Our lunch break gave us time to reflect on our tour of Paris thus far. The shoot had piqued the interests of tourists and locals alike. A Greek student approached us to ask whether he would be able to take photos of the car, while Toyota-driving taxi drivers offered up location tips to us. Everyone seemed interested or wanted to help in some way or another, which added piquancy to our Parisian escapade.
Brimmed with coffee and croques, we climbed aboard our Yaris once again, this time hoping to take what Jayson calls ‘the money shot’ – the car in the centre of the Eiffel Tower.
On our way, we stop at The Basilica of the Sacred Heart of Paris – commonly referred to as Sacré-Cœur. Construction of the Sacré-Cœur began in 1875 after France was partially occupied by German troops. French governors and militants attributed France’s wartime defeat to an absence of spirituality in the country at the time and consequently, the building of Sacré-Cœur was decreed to be in the public interest. In 1873 Cardinal Guibert, Archbishop of Paris, requested that parliament make land available for its construction. Consecration finally took place in 1919.
It’s difficult to comprehend how challenging the construction of Sacré-Cœur would have been. Pits 33 metres deep had to be dug using manually operated machinery, which were then filled in with sediment to form the building’s supporting pillars.
Similarly, developing the Yaris Hybrid proved to be a real challenge for Toyota engineers. In order to accommodate the hybrid system and maintain the same 286 litre load space as petrol and diesel Yaris models, Toyota Motor Corporation in Japan had to redesign the rear seats and develop a new, smaller fuel tank. Doing so created space for the battery beneath the rear seats.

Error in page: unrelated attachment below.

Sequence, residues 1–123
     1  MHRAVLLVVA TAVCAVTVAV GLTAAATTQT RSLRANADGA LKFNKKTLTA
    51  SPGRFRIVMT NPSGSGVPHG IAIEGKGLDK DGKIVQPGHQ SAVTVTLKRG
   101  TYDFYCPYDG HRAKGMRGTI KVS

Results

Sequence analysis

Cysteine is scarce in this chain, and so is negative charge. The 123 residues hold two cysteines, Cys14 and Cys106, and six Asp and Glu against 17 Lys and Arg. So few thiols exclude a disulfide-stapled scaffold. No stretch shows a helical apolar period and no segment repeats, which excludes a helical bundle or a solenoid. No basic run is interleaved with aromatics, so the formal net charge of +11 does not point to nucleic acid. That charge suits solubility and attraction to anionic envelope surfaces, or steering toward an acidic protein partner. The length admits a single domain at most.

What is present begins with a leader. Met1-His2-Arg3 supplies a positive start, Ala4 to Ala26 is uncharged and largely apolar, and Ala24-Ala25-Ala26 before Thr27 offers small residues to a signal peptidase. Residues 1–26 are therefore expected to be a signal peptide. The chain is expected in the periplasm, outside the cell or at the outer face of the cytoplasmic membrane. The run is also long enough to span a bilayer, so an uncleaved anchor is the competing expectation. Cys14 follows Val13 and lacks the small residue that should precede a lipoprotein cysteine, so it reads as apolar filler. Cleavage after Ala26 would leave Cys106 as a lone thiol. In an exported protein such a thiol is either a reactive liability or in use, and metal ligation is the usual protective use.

Our time in Paris is drawing to a close and we still haven’t had a chance to visit the Eiffel Tower and capture that elusive shot that we’ve been lusting after for the past 12 hours. With our Eurotunnel crossing time drawing ever closer, we’re in something of a rush to get to the tower now. Fortunately, our Yaris Hybrid is no slouch. Its 1.5-litre Atkinson Cycle petrol engine and electric motor have a total power output of 98bhp and the car pulls away eagerly thanks to the instantaneous torque that the electric motor provides.
Once the Atkinson Cycle petrol engine takes over, the Yaris Hybrid’s inherent nippiness continues. In an Atkinson Cycle engine, the inlet valves close later than in a traditional Otto cycle unit, delaying compression. Doing so helps convert combustion energy to engine power more effectively, bestowing an added sense of urgency upon the car.
Arriving at the Eiffel Tower, we have to move quickly to get our picture postcard shot of the car nestled between the iconic landmark’s arches. As Jayson sets up the shot, I ponder the question upon which our entire trip rests – how well equipped is the Yaris Hybrid to city driving?
In a word, very. Being able to creep along silently in EV mode, not having to worry about shifting up and down through the gears in stop/start traffic, and most importantly, seeing the trip computer record 70+ mpg make the car a compelling proposition for commuters, urban dwellers and fleets alike. The fact that it looks good counts in the car’s favour too.
As for that shot? Suffice to say we got it. See for yourself below.